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W.Va. Senate panel restores electric-car tax credit

CHARLESTON, W.Va. -- A battle is brewing between Gov. Earl Ray Tomblin and West Virginia lawmakers over whether to continue giving tax credits to people who buy electric and hybrid electric cars.

Tomblin proposed a bill in February that would eliminate that credit and give credits solely to cars that run on natural gas, propane or butane.

On Friday, the West Virginia Senate Transportation Committee revised Tomblin's bill to restore the tax credit for electric cars as well as for solar, hydrogen and liquid coal-fueled vehicles.

The committee of seven Democrats and two Republicans adopted the changes by a unanimous voice vote.

Tomblin's original bill also would have made the change retroactive to Jan. 1 so that anyone who has bought an electric or hybrid vehicle this year would lose the credit that they thought was there.

Republican Sen. Bill Cole said the changes should not be applied retroactively. Cole, a car dealer, said he liked parts of the bill but thought it was the federal government's role to promote new technologies.

For passenger cars, the tax credit is worth 35 percent of a vehicle's purchase price, up to $7,500.

Tomblin's bill also eliminated a credit for installing a home refueling station for alternative fuel vehicles. The committee version restored that credit.

The Tomblin administration proposed the changes to the 2011 law because they said it was costing more than expected. They also said the original intent was to promote cars that run on natural gas, which is produced in the state.

Tomblin's original bill was projected to save $10 million in the next fiscal year and more than that in subsequent years.

Sen. Robert Beach, chairman of the Transportation Committee, said he spoke with various individuals and agencies that wanted the tax credits preserved.

"We believe the bill motivates individuals into stepping up and developing some of those natural resources that we have," Beach said.

West Virginia environmental groups and the West Virginia Coal Association -- not normally allies -- both opposed eliminating the tax credits.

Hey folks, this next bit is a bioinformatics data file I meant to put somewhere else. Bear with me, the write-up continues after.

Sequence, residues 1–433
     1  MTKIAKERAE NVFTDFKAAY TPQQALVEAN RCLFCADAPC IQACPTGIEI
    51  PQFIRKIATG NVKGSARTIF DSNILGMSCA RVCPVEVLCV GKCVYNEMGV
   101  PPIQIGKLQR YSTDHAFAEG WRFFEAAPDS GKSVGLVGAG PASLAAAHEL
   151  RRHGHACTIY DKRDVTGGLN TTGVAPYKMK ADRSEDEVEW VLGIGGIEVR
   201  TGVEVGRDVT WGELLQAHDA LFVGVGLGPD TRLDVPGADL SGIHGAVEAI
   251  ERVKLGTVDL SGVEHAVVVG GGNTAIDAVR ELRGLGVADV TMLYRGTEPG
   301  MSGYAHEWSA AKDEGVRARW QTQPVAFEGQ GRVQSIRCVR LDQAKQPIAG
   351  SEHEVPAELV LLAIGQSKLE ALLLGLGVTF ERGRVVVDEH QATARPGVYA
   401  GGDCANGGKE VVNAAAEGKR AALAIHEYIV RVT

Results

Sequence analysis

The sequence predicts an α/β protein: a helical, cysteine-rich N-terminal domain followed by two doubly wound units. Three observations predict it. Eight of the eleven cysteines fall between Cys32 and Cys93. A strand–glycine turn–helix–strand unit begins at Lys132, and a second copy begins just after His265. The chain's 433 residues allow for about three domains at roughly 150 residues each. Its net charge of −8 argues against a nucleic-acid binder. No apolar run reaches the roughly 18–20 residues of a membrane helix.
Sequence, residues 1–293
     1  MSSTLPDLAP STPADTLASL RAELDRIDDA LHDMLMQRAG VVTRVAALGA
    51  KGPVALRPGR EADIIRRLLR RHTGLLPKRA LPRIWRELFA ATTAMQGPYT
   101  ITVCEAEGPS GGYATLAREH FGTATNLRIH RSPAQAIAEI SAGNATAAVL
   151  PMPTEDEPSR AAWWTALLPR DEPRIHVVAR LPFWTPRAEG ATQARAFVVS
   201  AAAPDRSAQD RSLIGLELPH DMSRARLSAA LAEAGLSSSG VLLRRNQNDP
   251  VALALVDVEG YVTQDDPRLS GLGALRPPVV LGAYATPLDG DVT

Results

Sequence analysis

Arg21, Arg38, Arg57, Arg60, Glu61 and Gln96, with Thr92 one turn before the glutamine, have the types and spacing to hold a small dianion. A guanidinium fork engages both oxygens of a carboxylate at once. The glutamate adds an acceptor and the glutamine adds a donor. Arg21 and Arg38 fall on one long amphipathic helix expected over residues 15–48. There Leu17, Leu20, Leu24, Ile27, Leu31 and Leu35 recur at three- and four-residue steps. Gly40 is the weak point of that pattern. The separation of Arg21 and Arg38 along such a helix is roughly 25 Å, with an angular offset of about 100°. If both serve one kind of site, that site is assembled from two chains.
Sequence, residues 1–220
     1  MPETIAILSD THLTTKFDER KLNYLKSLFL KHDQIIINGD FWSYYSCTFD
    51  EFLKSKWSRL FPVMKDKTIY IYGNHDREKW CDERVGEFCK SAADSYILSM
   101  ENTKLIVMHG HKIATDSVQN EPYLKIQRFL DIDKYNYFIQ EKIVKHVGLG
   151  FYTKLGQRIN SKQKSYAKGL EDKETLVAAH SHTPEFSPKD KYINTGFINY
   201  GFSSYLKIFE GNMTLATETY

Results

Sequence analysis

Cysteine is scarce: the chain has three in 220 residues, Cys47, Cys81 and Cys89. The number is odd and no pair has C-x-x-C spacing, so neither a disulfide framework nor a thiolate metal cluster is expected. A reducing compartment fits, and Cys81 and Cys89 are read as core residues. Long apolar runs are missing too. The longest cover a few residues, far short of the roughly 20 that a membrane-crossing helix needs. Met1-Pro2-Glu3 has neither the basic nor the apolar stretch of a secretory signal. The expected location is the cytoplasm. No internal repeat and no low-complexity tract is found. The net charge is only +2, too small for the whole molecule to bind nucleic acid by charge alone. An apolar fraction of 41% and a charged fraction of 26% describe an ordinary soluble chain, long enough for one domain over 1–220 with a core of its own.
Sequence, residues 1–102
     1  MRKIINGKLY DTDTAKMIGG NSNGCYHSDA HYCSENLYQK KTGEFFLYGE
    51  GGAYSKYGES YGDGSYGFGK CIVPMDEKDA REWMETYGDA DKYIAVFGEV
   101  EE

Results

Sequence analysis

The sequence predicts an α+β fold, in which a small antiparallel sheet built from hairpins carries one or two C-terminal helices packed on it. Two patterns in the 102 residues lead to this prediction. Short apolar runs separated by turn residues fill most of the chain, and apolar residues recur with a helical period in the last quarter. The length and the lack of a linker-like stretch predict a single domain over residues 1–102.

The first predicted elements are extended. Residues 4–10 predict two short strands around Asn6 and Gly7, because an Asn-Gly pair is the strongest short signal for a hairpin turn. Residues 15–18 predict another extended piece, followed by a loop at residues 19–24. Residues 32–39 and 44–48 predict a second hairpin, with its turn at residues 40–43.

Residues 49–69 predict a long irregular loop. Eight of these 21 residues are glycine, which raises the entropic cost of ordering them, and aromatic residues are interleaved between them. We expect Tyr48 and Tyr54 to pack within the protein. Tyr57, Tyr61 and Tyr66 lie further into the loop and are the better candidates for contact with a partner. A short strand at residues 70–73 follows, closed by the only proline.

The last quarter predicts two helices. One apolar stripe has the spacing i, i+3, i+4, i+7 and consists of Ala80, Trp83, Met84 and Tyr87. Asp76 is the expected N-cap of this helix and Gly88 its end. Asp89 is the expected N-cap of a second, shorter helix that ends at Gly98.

With the state budget tight -- tax collections for the current year could be $70 million below expectations -- the Tomblin administration said they would not accept the committee's version of the bill.

Rob Alsop, Tomblin's chief of staff, said the administration "won't live with those" changes and will work to replace them as the bill progresses.

Deputy Revenue Secretary Mark Muchow said that the committee's bill would negate most of next year's $10 million projected savings, although compared to current law it would lead to savings a few years down the road. Muchow also said that West Virginia's tax credits are among the most lucrative of their kind in the country.

The bill now heads to the Senate Finance Committee.

The tax credits have been used to offset the higher price of plug-in cars, which tend to be more expensive but require little to no gas and emit almost no pollutants.

The extent to which plug-in electric cars are more environmentally friendly varies. In West Virginia, which gets most of its electricity from coal, natural gas or wind, a plug-in electric has a carbon footprint equivalent to a traditional car that gets 42 miles per gallon, according to a 2012 study by the Union of Concerned Scientists.

Tomblin's bill and the committee's version end all the tax credits in 2017. The current breaks stop in 2021.

There are currently federal tax credits of $7,500 for electric cars, up to $7,500 for plug-in hybrids and $4,000 for natural gas-fueled cars.


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